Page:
quarrelsome, deceptive, idle, slothful, full of malice. They highly prize
what is low and degraded. Women become shameless, overbold, and lascivious.
Cities are filled with thieves and vicious men. Merchants are low and deceitful.
Kings become oppressive. Droughts and floods devastate crops; wars and
famines depopulate the earth. The earth becomes so depraved wise men pray
for the arrival of Kalki, the Destroyer. We now live in that age.
The four ages were characterized by colors:
white, red, yellow and black respectivelyEMLI.
According to the Puranas this age will
witness Vishnu, the Creator god, who will appear as Kalki, "an armed warrior
mounted on a white horse with wings and adorned with jewels, waving over
his head with one hand the sword of destruction and holding in the other
a disc." In the Bhagbata we are told that the "age of destruction
is so horrible that during it the clouds never fall on the earth as drops
of rain for one hundred years. The people find no food to eat and being
terribly oppressed by hunger they are compelled to eat one another."
In other places a universal cataclysm is predicted
in vivid detail. "After a drought lasting for many years seven blazing
suns will appear in the firmament; they will drink up all the waters. Then
wind-driven fire will sweep over the earth, consuming all things . . .
Afterwards many colored and brilliant clouds will collect in the sky looking
like herds of elephants decked in wreaths of lightning. Suddenly they will
burst asunder, and rains will fall incessantly for twelve years until the
whole world with its mountains and forests is covered with water . . .EMLI."
Although the Hindu myths are distorted, they
preserve certain characteristics of our planetary physical history which
are found in other folk memory and in the geophysical records of our world.
The long time spans, the four ages, and the nature of each age is echoed
by many other people.
Across the world in the ancient land of the Toltecs and Aztecs were folk memories of four great ages, known as the four "Suns." The world and men were created by a supreme god who was the "Creator of All Things," Lord of Heaven and Earth. Atonatiuh, the "Sun of Waters," was the first age terminated by a deluge in which all creatures perished. Tlalchitonatiuh, the "Sun of Earth," was the age of giants that ended in a terrific earthquake and fall of the mountains. Ecatonatiuh, the "Sun of Air," closed with a furious wind which destroyed buildings, uprooted trees, and even moved rocks. Quetzacoatl, the great white teacher, appeared during this age, teaching the way of virtue and the arts of life, but his doctrines failed to take root. He departed to the east and promised to return in another day. With his departure Tlatonatiuh, the "Sun of Fire," began. This is the present age; it will be destroyed by fireLAM.
Each age in the Aztec memory was counted in
relatively short periods of time. The first age lasted 13 X 52 or 676 years;
the second lasted 7 X 52 or 364 years; the third 6 X 52 or 312 years. The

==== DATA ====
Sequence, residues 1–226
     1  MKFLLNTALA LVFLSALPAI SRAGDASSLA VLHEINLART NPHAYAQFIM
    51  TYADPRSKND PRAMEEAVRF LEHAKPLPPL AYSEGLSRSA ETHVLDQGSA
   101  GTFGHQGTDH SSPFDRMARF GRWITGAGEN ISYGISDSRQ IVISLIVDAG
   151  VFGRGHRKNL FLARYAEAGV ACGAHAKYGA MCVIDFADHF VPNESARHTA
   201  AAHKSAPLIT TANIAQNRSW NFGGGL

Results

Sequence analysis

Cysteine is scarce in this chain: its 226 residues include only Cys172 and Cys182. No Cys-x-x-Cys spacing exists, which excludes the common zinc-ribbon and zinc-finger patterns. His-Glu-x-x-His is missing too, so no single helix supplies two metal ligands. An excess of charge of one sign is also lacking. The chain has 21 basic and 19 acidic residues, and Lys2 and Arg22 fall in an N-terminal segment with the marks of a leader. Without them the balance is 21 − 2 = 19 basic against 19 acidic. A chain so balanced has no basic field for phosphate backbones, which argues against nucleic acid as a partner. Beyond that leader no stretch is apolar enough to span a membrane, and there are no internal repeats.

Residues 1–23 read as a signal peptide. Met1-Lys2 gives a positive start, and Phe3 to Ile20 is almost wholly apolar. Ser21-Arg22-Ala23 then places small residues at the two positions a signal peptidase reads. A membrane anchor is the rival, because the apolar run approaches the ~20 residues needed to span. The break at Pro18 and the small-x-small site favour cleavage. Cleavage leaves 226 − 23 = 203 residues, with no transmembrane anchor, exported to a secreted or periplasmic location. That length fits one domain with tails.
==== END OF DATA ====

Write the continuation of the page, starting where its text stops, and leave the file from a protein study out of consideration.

myths are confused. According to one account it was during the first Sun
that the gods created giants who could uproot trees by brute force and
whose food was acorns. Time began to be counted from the first Sun; during
600 years of idleness of the gods, when Huitzilopochtli was in his
bones, time was not reckoned.
Other versions of the Mexican myths exist.
In some Quetzalcoatl is known as the Creator. The first Sun ended with
a flood. Ocelotonatiuh, the "Jaguar Sun," was the epoch of giants
and of solar eclipse. The third age, Quiyauhtonatiuh, was the "Sun
of Rains" which ended with a rain of fire and red-hot rocks. The fourth
age, Ecatonatiuh, was the Sun of destruction by winds, while the
fifth age is the Sun of Earthquakes, Famines, Wars, and Confusions. This
age will bring our present world to destruction. The account of four Suns
passed and a present fifth Sun, bringing the destruction of our age, seems
by most authorities to be the orthodox versionLAM.
To the north of the Toltecs and Aztecs the
Navahos also believed in four ages. In the Age of Beginnings man
emerged through four world-stories from the Underworld to the Earth. In
the second Age of Animal Heroes the earth was set in order. In the
third Age of the Gods the giants were slain. In the fourth Patriarchal
Age the Navahos grew into a nationNAM.
Navaho traditions of color were more distorted
than those of the Hindus or the Toltecs. The four world-stories through
which they traveled were red, blue, yellow, and multi-colored. But the
four gods of this world were White Body, Blue Body, Yellow Body, and Black
Body. These gods created the first man (Atse Hastin) and first woman
(Atse Estsan) from ears of white and yellow corn respectively. To
this pair were born five sets of twins.
We shall meet this element of five sets of
twins again. In the genealogies of Adam they are reflected in the ten generations
South of the Toltecs the Maya believed in four
worlds. The first world was inhabited by dwarfs, the saiyam uinicob,
or "adjuster men." That world was ended by a universal deluge, the haiyococab,
or "water over the earth." The second world was peopled by the dzolob,
or "offenders." The third world was populated only by the Maya, the common
people or mazehualob. Both of these worlds also ended in floods.
The present world is peopled by a mixture of races and will also end in
Back across the Pacific Ocean the Chinese had
folk records of five world eras but their distorted accounts, ephemerized
by their ancient scholars, do not portray them as world ages. Instead of
gods they had sages; instead of divine rulers they had earthly emperors;